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Syrian rebels free hundreds in attack on Aleppo prison; government drops more 'barrel bombs'

In this picture taken on Friday Jan. 31, 2014, a citizen journalism image provided by Aleppo Media Center (AMC), an anti-Bashar Assad activist group, and authenticated based on its contents and other AP reporting, Syrian family members run in the street following an attack by a Syrian government forces warplane, in Aleppo, Syria. Syrian military helicopters dropped barrels packed with explosives on rebel-held areas of the northern city of Aleppo on Saturday, killing at least a dozen of people including a family trapped in a car, as government forces inched closer to opposition-held areas. (AP Photo/Aleppo Media Center, AMC)

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In this picture taken on Friday Jan. 31, 2014, a citizen journalism image provided by Aleppo Media Center (AMC), an anti-Bashar Assad activist group, and authenticated based on its contents and other AP reporting, Syrian family members run in the street following an attack by a Syrian government forces warplane, in Aleppo, Syria. Syrian military helicopters dropped barrels packed with explosives on rebel-held areas of the northern city of Aleppo on Saturday, killing at least a dozen of people including a family trapped in a car, as government forces inched closer to opposition-held areas. (AP Photo/Aleppo Media Center, AMC)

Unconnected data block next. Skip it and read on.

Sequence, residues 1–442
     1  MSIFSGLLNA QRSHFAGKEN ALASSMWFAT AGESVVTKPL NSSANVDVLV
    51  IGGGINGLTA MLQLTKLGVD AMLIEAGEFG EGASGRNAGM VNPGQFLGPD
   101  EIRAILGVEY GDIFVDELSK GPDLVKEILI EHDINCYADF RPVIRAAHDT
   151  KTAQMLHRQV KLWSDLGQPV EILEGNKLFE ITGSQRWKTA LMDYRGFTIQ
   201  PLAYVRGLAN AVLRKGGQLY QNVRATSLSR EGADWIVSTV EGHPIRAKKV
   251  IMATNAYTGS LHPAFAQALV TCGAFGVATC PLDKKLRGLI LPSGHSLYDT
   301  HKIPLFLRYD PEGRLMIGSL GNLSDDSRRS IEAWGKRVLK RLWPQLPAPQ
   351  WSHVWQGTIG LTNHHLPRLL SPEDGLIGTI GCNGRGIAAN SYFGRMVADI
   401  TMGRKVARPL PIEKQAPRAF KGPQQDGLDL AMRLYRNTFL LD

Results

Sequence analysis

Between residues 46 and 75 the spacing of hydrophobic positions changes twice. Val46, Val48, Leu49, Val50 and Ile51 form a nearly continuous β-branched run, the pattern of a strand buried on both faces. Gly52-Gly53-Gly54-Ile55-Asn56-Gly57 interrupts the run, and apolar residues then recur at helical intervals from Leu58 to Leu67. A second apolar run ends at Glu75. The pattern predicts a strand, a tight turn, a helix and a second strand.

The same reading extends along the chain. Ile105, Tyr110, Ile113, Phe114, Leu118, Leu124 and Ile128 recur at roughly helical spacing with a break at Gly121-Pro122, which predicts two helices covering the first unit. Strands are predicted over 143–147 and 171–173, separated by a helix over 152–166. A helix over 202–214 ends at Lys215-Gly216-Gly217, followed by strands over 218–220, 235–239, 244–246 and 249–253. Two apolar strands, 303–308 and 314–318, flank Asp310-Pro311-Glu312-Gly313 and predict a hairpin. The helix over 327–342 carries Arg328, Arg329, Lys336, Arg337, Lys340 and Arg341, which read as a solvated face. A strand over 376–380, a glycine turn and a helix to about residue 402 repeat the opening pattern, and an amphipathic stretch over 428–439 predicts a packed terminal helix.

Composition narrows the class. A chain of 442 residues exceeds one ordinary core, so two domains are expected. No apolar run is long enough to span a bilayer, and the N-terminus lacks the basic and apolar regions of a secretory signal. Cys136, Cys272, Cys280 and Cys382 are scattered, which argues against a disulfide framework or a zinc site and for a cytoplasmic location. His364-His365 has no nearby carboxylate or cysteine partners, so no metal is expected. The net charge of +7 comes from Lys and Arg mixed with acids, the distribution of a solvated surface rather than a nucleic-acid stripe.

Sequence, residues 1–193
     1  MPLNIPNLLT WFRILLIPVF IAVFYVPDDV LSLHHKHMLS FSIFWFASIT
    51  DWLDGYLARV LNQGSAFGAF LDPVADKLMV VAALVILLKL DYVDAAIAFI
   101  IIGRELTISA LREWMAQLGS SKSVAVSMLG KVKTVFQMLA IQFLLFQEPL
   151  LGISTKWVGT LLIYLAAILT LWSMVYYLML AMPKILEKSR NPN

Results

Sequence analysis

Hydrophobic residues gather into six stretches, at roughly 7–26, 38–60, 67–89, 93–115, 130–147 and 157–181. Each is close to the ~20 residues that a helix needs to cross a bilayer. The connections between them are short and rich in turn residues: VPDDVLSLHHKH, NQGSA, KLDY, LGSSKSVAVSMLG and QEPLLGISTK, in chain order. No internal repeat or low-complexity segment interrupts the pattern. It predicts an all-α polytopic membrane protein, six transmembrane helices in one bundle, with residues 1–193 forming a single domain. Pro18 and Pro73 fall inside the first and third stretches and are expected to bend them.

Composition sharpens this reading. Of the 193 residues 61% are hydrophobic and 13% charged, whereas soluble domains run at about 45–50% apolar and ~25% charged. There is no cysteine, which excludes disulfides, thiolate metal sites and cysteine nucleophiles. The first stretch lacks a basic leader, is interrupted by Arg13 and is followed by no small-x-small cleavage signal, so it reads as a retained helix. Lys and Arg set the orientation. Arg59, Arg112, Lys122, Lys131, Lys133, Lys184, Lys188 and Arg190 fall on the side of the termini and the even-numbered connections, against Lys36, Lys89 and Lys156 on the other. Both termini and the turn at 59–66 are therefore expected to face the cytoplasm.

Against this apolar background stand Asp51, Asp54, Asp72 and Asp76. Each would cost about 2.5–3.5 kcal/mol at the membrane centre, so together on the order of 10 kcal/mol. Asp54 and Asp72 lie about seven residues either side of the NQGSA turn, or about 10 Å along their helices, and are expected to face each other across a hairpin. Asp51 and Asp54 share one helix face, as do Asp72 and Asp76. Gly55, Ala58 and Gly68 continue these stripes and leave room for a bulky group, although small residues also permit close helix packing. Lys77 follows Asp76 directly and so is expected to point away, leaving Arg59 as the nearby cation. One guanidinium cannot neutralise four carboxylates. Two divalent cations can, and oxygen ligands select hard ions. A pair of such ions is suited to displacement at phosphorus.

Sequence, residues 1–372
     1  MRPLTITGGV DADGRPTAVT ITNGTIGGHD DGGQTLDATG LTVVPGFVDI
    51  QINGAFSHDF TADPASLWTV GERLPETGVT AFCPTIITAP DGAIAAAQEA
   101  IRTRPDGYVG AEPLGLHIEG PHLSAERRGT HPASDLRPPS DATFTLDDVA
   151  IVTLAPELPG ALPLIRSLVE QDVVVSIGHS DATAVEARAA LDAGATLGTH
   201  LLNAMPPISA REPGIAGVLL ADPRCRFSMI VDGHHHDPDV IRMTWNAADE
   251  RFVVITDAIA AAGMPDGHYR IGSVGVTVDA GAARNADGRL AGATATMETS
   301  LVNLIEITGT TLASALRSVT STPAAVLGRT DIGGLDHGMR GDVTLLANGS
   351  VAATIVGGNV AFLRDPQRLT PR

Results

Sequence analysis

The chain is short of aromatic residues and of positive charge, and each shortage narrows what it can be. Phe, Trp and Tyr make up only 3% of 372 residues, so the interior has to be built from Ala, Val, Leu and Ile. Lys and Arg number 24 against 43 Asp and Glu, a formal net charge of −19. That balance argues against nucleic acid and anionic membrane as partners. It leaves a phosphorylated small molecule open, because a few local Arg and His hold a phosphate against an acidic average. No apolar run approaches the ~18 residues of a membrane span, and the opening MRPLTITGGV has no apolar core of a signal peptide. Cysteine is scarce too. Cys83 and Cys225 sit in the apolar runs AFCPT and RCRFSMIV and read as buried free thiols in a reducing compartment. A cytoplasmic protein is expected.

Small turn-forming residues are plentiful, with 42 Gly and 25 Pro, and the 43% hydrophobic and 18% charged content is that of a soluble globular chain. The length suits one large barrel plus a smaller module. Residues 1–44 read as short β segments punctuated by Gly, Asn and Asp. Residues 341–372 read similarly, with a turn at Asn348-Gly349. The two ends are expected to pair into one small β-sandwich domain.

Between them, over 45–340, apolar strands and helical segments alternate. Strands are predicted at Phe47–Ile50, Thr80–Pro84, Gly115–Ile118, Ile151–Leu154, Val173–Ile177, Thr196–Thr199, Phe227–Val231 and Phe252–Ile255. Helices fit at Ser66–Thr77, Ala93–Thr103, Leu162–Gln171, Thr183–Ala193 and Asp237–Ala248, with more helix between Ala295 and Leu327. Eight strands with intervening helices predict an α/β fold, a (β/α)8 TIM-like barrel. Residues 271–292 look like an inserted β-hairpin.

BEIRUT - A suicide bomber blew himself up at the gates of a Syrian prison Thursday and rebels stormed in behind him, freeing hundreds of inmates as part of an offensive aimed at capturing key government symbols around the northern city of Aleppo, activists said.

Government forces, meanwhile, dropped crude "barrel bombs" in deadly airstrikes as both sides escalated their fight for the strategic city ahead of a second round of peace talks set for next week. Opposition leaders threatened to suspend the talks over the barrel bombings.

In the past six days alone, the makeshift weapons — containers packed with explosives, fuel and scrap metal — have killed more than 250 people in Aleppo, including 73 children, according to the Britain-based Syrian Observatory for Human Rights.

They include at least 11 who died Thursday — six of them from the same family — in the opposition-held neighbourhood of Masaken Hanano.

Videos uploaded by activists showed the aftermath, including men weeping amid ravaged buildings and corpses covered with blankets on the pavement.

"Be careful. There's a corpse under your feet. .. It's a child!" someone shouted. The videos were consistent with reporting by The Associated Press.

U.N. Secretary-General Ban Ki-moon deplored "the ongoing aerial attacks and the use of "barrel bombs"to brutal, devastating effect in populated areas" which violate international humanitarian and human rights law, U.N. spokesman Martin Nesirky said.

In other developments, Syrian President Bashar Assad's government said it has reached an agreement with the United Nations to let hundreds of trapped civilians leave besieged parts of the city of Homs and permit U.N. humanitarian relief convoys to enter.